It’s the first day of our trip to Georgia and we are in the lobby of our hotel in Tbilisi waiting to check in. Having landed at 4.50 am (oh the joys of twilight hour flying), we managed to make a quick exit from the airport and arrived in the lobby of our hotel by 6 am. The staff, inform us that they will try and get us into a room by 9 am if at all possible which is great as we are not technically due to check in until 3 pm. After drinking a coffee in the opulent lobby, it’s now 7 am and we are hungry. Not fancying a hotel breakfast, we take the advice of the doorman David and head down the street to Samikitno Tavisupleba in search of a Georgian breakfast. David it seems is quite a foodie, and his knowledge of places to eat helps us a lot during our few days in Georgia.
We arrive at Samikitno Tavisupleba at about 7.30 am and it’s packed already with a group of forty or so people already eating, which is always a good sign.
The menu is huge, there are some continental breakfast options, eggs and sausages and the like, but thankfully David has come to our rescue again, telling us we should order Acharuli Khachapuri a cheese pie which comes complete with a runny egg and a knob of melting butter. We’re also curious about other items on the menu and choose Kubdari which is a Shanetian Beef Pie as well as Khinkali with Crabmeat.
The Acharuli Khachapuri is my favorite. After making hand gestures with the waiter, to figure out how big small, medium and large is we settle for medium, which to be honest is enough to feed two people on its own. I love this dish, the dough is crispy on the outside yet soft inside, the cheese is salty and oozing across the plate, whilst the egg is runny and adds another level of richness to the dish, the final moment of glory comes with a knob of melting butter which though technically not needed, adds a further depth to the dish and no doubt another few hundred calories. For dieters this is not, but oh wow does it deliver a punch in terms of hitting my taste buds and making them sigh. My dining companion, Ishita is not so keen, the cheese is too salty for her, she prefers the Beef Pie, which is good as it’s not a favorite of mine, there’s nothing wrong with it at all, the dough is crispy, the beef is tasty, it’s just not my thing, so I’m happy to leave Ishita to enjoy this whilst I chow down on the Khachapuri.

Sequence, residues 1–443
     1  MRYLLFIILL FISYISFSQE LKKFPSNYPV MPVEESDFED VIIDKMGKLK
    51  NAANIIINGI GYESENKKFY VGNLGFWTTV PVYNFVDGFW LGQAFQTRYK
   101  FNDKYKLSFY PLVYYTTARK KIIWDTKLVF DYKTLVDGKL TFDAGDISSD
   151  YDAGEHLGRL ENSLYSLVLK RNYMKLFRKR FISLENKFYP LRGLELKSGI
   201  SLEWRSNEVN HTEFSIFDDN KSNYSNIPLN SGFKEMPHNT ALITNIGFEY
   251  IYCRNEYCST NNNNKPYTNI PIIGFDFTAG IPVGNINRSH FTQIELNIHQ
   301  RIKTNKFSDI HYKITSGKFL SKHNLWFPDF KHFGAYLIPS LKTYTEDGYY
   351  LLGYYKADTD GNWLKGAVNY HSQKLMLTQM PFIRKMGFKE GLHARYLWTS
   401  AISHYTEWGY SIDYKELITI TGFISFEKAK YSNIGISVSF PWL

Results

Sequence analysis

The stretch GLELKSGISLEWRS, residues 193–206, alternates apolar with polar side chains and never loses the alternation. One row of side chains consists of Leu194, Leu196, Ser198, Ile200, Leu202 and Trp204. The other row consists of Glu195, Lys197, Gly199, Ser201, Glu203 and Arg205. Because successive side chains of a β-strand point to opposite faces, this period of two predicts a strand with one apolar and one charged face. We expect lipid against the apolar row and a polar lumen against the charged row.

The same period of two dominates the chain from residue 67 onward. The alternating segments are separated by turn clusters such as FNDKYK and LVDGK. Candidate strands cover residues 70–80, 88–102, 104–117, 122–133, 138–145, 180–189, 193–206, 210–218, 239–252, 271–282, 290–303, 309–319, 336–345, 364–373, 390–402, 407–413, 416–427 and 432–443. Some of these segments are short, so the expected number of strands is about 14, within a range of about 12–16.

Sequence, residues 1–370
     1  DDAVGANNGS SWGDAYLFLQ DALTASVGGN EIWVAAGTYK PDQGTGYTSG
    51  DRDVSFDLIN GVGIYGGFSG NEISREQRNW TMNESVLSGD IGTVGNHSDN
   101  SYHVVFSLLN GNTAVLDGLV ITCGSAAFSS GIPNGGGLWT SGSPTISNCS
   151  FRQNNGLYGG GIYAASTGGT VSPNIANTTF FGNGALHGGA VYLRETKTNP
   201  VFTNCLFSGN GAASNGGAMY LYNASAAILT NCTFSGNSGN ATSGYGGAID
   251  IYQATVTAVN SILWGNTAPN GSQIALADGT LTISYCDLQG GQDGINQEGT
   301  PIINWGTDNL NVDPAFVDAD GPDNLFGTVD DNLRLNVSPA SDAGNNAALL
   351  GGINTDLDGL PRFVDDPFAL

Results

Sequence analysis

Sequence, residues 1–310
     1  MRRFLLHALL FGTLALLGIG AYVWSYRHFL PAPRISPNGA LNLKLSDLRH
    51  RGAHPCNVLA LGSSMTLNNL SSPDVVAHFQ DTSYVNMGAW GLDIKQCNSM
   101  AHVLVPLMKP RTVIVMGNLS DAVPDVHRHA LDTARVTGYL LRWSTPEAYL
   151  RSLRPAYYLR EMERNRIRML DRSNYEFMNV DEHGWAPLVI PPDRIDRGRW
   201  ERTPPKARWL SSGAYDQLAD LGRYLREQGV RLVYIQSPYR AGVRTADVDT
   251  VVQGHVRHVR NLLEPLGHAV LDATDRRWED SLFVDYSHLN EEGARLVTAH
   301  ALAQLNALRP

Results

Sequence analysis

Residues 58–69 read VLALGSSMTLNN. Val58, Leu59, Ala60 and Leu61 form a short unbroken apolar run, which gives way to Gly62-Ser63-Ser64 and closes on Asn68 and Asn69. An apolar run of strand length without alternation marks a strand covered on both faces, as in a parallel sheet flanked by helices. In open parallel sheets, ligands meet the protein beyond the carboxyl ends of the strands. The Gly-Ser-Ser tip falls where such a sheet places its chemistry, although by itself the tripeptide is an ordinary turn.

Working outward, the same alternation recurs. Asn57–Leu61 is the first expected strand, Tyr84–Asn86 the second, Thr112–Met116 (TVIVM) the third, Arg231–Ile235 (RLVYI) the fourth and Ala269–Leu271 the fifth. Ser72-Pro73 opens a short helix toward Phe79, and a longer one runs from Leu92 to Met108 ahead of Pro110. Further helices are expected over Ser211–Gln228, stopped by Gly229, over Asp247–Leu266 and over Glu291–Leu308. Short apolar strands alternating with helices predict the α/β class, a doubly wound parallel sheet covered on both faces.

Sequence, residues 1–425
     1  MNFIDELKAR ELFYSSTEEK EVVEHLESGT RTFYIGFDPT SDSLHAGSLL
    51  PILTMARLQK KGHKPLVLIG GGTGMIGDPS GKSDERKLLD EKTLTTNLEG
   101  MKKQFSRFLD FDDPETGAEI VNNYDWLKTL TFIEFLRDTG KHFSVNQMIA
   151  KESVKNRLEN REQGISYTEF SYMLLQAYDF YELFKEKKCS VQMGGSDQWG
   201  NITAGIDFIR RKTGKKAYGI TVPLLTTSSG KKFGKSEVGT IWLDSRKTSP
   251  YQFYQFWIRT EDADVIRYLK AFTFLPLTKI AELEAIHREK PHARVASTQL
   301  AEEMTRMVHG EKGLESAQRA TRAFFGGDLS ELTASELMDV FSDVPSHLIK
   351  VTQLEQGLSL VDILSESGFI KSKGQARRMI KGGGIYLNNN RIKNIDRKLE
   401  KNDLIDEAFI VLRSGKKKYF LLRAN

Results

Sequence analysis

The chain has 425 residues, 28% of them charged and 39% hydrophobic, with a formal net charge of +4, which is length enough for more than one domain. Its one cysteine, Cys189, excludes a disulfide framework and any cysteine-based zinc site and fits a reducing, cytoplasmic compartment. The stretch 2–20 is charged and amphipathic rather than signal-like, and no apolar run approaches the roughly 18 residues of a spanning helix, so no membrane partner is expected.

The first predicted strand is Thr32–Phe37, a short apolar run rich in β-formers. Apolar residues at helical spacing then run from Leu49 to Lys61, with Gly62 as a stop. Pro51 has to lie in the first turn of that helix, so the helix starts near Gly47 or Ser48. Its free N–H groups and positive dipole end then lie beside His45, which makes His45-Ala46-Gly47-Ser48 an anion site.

Just when we are sated and full, the waiter brings out hot steaming Khinkali they are dumpling like and filled with crab, we’ve chosen a meat-free option and this is one is quite Asian in taste, we slurp on the juicy inside and taste ginger, and lemongrass. Alas, we don’t manage to do justice to the four fat Khinkali which are on our plate, whilst the inside is delicious and moist, the outside is thick, a bit rubbery and slippery which is not to our taste.
Khinkali : are a Georgian Dumpling traditionally filled with spiced meat (beef, pork, or lamb) along with herbs, onions, and garlic. Non-meat options are made with cheese, potato or mushroom.
Khinkali are eaten plain (preferably with your hands as the use of cutlery is frowned on), but that’s tricky as they are usually piping hot. Best eaten hot just with ground black pepper it’s usual to first suck out the juices and then eat the rest of the dumpling, but leaving the thicker pleated part of the dumping. Since the meat is cooked raw, it generates its own juices which are trapped inside the dumpling given you a gorgeous spoonful of juices when you bit into the Khinkali. To make them even juicer still sometimes warm water or a broth is added to the meat.
Tip | Leftover Khinkali are often fried and eaten hot and crispy which sounds like a little pillow of crunchy heaven to me, a must try for my next visit